Using rubrics in student self-assessment: student perceptions in the English as a foreign language writing context



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Using rubrics in student self-assessment

Introduction
Defined as a coherent set of criteria for students work that includes descriptions of levels of performance quality on the criteria (Brookhart
2013
, 4), rubrics have three essential features evaluative criteria, quality definitions of those criteria and a scoring strategy (Popham
1997
; Reddy and Andrade
2010
). Rubrics are particularly important to performance assessment such as speaking and writing (Lane and Tierney
2008
; Sadler
2009
), where there is no single corrector best answer, as opposed to multiple-choice tests (Messick
1996
). Rubrics can be applied as both summative (also evaluative) and formative (also instructional) instruments (Andrade
2005
; Jonsson and Svingby
2007
). As an evaluative tool, rubrics can be used to improve the efficiency of teachers grading of student work, helping them justify the scores assigned to student performance (Andrade
2000
). As an instructional tool, rubrics are powerful tools for facilitating student self- and peer assessment, especially for aiding them to generate self and peer feedback (Jonsson and Svingby
2007
). The present study explores students perceptions of the rubric’s role in self-assessment when it is used as an instructional tool.
Self-assessment refers to the qualitative assessment of the learning process, and of its final product, realised on the basis of pre-established criteria (Panadero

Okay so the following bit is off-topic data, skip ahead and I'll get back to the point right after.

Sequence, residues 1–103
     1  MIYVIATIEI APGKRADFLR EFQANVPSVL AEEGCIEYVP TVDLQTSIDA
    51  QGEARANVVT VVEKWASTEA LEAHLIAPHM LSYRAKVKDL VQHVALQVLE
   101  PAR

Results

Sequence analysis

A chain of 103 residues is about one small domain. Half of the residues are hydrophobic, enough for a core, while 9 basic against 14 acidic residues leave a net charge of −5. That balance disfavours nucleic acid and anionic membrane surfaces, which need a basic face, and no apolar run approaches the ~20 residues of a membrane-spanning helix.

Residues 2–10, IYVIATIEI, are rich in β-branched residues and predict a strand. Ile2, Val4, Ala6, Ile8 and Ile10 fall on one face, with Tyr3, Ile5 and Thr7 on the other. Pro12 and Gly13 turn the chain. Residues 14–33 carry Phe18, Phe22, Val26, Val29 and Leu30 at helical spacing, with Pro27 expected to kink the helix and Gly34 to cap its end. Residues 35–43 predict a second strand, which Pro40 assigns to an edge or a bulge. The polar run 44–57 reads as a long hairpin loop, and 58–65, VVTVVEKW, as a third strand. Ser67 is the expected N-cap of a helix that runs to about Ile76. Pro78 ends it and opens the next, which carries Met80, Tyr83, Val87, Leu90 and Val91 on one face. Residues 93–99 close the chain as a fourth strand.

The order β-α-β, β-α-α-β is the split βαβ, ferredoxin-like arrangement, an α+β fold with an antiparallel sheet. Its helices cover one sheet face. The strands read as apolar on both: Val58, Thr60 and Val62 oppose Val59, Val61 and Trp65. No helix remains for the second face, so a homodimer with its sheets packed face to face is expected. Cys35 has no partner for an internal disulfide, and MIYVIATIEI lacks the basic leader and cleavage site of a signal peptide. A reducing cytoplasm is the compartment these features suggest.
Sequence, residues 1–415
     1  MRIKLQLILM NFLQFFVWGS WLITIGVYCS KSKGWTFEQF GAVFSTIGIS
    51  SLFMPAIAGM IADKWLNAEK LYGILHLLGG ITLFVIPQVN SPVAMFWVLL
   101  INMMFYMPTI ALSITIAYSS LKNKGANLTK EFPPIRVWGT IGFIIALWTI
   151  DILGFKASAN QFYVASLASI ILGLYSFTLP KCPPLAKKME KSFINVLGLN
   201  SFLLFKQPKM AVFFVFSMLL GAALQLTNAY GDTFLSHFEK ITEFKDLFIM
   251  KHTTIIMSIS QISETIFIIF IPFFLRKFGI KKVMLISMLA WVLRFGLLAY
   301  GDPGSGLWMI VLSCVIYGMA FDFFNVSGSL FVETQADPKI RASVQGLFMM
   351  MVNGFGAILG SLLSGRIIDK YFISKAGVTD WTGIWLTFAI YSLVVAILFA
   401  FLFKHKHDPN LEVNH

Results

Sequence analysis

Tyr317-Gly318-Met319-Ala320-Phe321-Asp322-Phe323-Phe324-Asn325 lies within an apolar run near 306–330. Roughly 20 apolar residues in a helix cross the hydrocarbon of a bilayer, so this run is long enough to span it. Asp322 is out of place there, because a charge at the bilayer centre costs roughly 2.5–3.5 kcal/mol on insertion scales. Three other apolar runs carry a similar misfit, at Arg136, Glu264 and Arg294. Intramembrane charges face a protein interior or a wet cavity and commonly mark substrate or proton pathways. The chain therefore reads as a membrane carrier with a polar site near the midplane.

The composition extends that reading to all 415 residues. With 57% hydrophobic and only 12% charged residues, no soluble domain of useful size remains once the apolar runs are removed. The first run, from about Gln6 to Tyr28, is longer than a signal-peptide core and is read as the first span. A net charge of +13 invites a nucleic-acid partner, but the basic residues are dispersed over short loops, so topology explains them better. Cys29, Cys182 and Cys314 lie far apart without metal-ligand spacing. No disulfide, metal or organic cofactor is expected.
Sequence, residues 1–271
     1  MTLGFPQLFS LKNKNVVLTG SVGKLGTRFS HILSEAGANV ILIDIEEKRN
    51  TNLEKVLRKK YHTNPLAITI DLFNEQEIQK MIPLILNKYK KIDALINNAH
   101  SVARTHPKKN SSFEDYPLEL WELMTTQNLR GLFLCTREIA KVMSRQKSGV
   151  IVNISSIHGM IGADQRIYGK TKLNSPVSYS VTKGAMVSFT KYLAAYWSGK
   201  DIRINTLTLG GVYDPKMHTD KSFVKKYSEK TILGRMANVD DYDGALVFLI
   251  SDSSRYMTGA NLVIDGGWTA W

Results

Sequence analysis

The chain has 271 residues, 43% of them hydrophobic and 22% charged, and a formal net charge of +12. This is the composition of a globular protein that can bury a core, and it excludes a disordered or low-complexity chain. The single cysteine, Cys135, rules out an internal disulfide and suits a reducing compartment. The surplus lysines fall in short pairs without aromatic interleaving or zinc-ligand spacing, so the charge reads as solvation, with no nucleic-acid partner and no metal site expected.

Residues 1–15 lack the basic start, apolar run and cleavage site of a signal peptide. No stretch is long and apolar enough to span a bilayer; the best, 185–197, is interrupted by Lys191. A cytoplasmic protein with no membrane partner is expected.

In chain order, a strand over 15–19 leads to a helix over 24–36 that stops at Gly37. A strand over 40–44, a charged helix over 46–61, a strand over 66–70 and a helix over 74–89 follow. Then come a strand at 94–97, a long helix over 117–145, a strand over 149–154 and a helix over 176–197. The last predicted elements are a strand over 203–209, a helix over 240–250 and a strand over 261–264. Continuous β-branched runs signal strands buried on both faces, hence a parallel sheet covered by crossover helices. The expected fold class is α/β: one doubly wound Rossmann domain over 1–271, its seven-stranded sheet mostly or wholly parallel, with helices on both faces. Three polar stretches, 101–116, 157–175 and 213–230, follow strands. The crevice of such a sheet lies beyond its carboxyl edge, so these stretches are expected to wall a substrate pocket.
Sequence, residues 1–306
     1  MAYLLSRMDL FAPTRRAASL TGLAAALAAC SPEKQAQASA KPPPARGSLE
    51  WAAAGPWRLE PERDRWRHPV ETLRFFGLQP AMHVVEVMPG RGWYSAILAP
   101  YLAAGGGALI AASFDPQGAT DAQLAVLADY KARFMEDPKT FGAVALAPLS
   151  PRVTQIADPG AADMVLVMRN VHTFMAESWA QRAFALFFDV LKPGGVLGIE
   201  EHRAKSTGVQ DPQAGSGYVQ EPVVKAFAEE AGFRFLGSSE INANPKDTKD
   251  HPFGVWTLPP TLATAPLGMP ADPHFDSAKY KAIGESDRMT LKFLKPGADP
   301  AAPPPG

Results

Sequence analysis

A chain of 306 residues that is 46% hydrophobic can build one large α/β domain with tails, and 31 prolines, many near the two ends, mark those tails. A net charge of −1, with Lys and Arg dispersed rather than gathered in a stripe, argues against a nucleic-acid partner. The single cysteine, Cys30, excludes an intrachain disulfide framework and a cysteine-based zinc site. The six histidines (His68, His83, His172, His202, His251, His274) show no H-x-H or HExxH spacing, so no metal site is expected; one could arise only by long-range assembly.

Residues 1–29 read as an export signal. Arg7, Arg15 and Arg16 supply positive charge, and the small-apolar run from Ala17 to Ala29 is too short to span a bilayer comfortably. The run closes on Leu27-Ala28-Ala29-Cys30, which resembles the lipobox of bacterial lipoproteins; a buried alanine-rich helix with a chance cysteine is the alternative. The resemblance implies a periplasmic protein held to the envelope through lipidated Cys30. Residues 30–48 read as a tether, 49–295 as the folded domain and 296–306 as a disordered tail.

2011
, 78). Self-assessment is a key component of self-regulated learning (Panadero and Alonso-Tapia
2013
), which is defined as ‘self-generated
KEYWORDS
rubric; self-assessment; student perceptions eFl writing 2016 informa uK limited, trading as taylor & Francis group
CONTACT
Weiqiang Wang wilburwong@gdufs.edu.cn, wilburwong2008@qq.com


2 W. WANG
thoughts, feelings, and actions that are planned and cyclically adapted to the attainment of personal goals (Zimmerman
2000
, 14). The regular practices of self-assessment may enhance students ability to assess their own work and thereby improve their self-regulated learning skills (Panadero, Jonsson, and Strijbos Effective implementation of self-assessment requires that assessment criteria, which may take the form of rubrics or scripts, be shared with students before the learning processes, so that students have clear understandings of the learning goals and can plan their work correspondingly (Panadero and
Alonso-Tapia
2013
; Panadero, Jonsson, and Strijbos
2016
). Panadero and Alonso-Tapia (
2013
) explicated how self-assessment impacts on the three phases of Zimmerman and Moylan’s (
2009
) cyclic model of self-regulated learning forethought, performance and self-reflection. In the forethought phase, students can analyse the task, use assessment criteria to set realistic goals for task performance and identify the strategies for task completion. During the performance phase, students can use the criteria to monitor their works-in-progress. In the self-reflection phase, students can check their learning product against the criteria. Given the importance of assessment criteria to self-assessment, and the relationship between self-assessment and self-regulated learning, it is worth exploring what self-regulated learning processes maybe activated by students rubric use in self-assessment.

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